The Easiest Risotto
Risotto is one of my family’s favorite meals. It sounds fancy if you’re not familiar with it, but risotto is the name for a comfort food dish made out of arborio rice, which you can find at pretty much any supermarket alongside of regular rice. Arborio rice is a special kind of rice that loses its shape a bit and releases starch as it cooks, resulting in a rich, creamy meal that isn’t fattening.
Risotto is also a fantastic way to use up leftover chicken, veggies, parmesan cheese rinds, chicken broth, and pretty much anything else you have laying around. The only problem is that risotto can be a little bit time consuming to make. It’s not hard or anything – adding warm broth half a cup at a time isn’t difficult, but when there are two little monsters dismantling your house while you do it, it’s not the best way to spend an hour.
Ages ago, I shared this recipe for Easy Butternut Squash and Chicken risotto in the oven. It’s awesome, and got my single most favorite reader response of all time: this recipe was delicious and so easy it let me pour a glass of wine and watch my kids play outside while it cooked. If that’s not the definition of a keeper recipe, I’m not sure what is.
Then I had a baby, we moved, and I kind of forgot about this method of making risotto. I also fell in love with Alice Waters’ risotto in The Art of Simple Food. It’s flavorful, creamy, and everything risotto should be.
The problem is the preparation time.
So, I took a chance last week and threw everything in the oven to see if decent risotto could be made that way. I didn’t say anything to my husband about my tampering with our favorite recipe. He took a bite while it was cooling on the counter and said it was amazing. I might actually like it better than the stove-top method.
Here’s what we’re going to do.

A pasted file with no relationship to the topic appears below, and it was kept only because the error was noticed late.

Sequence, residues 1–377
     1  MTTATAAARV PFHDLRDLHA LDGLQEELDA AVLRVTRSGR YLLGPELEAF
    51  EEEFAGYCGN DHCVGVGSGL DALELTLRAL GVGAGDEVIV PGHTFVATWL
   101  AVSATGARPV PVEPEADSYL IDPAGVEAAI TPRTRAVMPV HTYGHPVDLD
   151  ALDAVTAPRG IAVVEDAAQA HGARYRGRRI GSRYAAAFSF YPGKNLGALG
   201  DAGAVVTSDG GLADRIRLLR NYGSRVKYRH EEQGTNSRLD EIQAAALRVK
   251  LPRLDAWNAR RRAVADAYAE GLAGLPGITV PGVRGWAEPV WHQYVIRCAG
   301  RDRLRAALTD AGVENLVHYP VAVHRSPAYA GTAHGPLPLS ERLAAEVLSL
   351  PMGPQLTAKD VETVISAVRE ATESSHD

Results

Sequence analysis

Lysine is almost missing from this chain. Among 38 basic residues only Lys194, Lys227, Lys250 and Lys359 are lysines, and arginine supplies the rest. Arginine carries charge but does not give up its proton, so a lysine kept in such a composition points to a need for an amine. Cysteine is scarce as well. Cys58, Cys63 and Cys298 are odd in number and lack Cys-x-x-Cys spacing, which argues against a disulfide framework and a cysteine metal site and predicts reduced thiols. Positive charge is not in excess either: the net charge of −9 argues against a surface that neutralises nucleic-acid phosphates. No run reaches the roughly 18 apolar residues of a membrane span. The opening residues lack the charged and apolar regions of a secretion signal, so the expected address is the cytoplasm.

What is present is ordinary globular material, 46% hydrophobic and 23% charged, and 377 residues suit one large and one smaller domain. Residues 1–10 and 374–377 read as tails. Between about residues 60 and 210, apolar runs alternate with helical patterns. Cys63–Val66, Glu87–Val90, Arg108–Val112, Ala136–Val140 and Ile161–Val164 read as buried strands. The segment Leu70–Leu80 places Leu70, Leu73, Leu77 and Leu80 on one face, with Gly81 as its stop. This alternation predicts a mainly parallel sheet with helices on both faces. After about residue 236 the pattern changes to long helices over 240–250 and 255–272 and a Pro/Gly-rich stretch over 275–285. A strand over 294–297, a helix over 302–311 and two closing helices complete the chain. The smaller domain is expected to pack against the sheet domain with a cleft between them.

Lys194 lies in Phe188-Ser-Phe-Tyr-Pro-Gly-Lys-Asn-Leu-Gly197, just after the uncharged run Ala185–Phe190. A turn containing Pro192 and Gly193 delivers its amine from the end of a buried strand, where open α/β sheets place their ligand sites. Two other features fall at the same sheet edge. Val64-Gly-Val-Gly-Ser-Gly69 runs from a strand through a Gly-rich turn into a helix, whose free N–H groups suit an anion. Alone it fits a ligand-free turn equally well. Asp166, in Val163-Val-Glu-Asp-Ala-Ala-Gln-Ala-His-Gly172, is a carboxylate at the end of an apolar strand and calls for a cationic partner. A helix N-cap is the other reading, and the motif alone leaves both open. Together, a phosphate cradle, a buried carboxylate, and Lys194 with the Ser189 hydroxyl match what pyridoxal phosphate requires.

First, let’s preheat the oven to 350.
Now, grab a dutch oven. Sauté the diced onion as well as the rice in one tablespoon of butter until the rice smells a little like popcorn and has some golden, toasty spots.
This part is important. You can omit it and still have good risotto, but this is the key to awesome risotto. Add a tiny pinch of saffron. Saffron is a reddish thread (ie: stigma) from the inside of a flower. Saffron is pricey because it’s so labor intensive to harvest, but you only use a teeny tiny amount in any recipe that calls for it. It gives that lovely yellow color and rich, complex taste. My lilliputian envelope of it lasts for months since I just use a few threads in any given recipe. So let’s stir a tiny pinch of saffron into the rice.
Now we’re going to add warm liquid. This recipe has lots of short cuts, but it is important to add liquid that is very warm. I bring my chicken stock to a boil and turn off the heat while I sauté the rice, then it’s just the right temperature. If you add cold liquid, the starches don’t release properly from the rice, and you’ll end up with chewier risotto.
I make my own chicken stock in the crock pot, and it’s pretty concentrated, so I do a 50/50 mix of water and stock. If I have white wine open, I’ll use that for half a cup of the liquid. I’ve also had success with a splash of vermouth, lighter colored beers (no stouts here, please), or red wine, but know that the red wine will give your risotto an odd, purplish color.
Now we’re going to stir the rice, put a lid on the pot, and pop it into the oven.
After about 30 minutes, check to see if the liquid has been absorbed. If not, return to the oven; if so, stir vigorously for 1 minute and add the remaining tablespoon of butter and cheese, if desired. The addition of this last bit of fat really helps the rice bind together and get that lovely risotto texture.
If you have leftover vegetables or meat, you can add them to the risotto as it cooks in the oven or warm them separately and serve on top of the rice.
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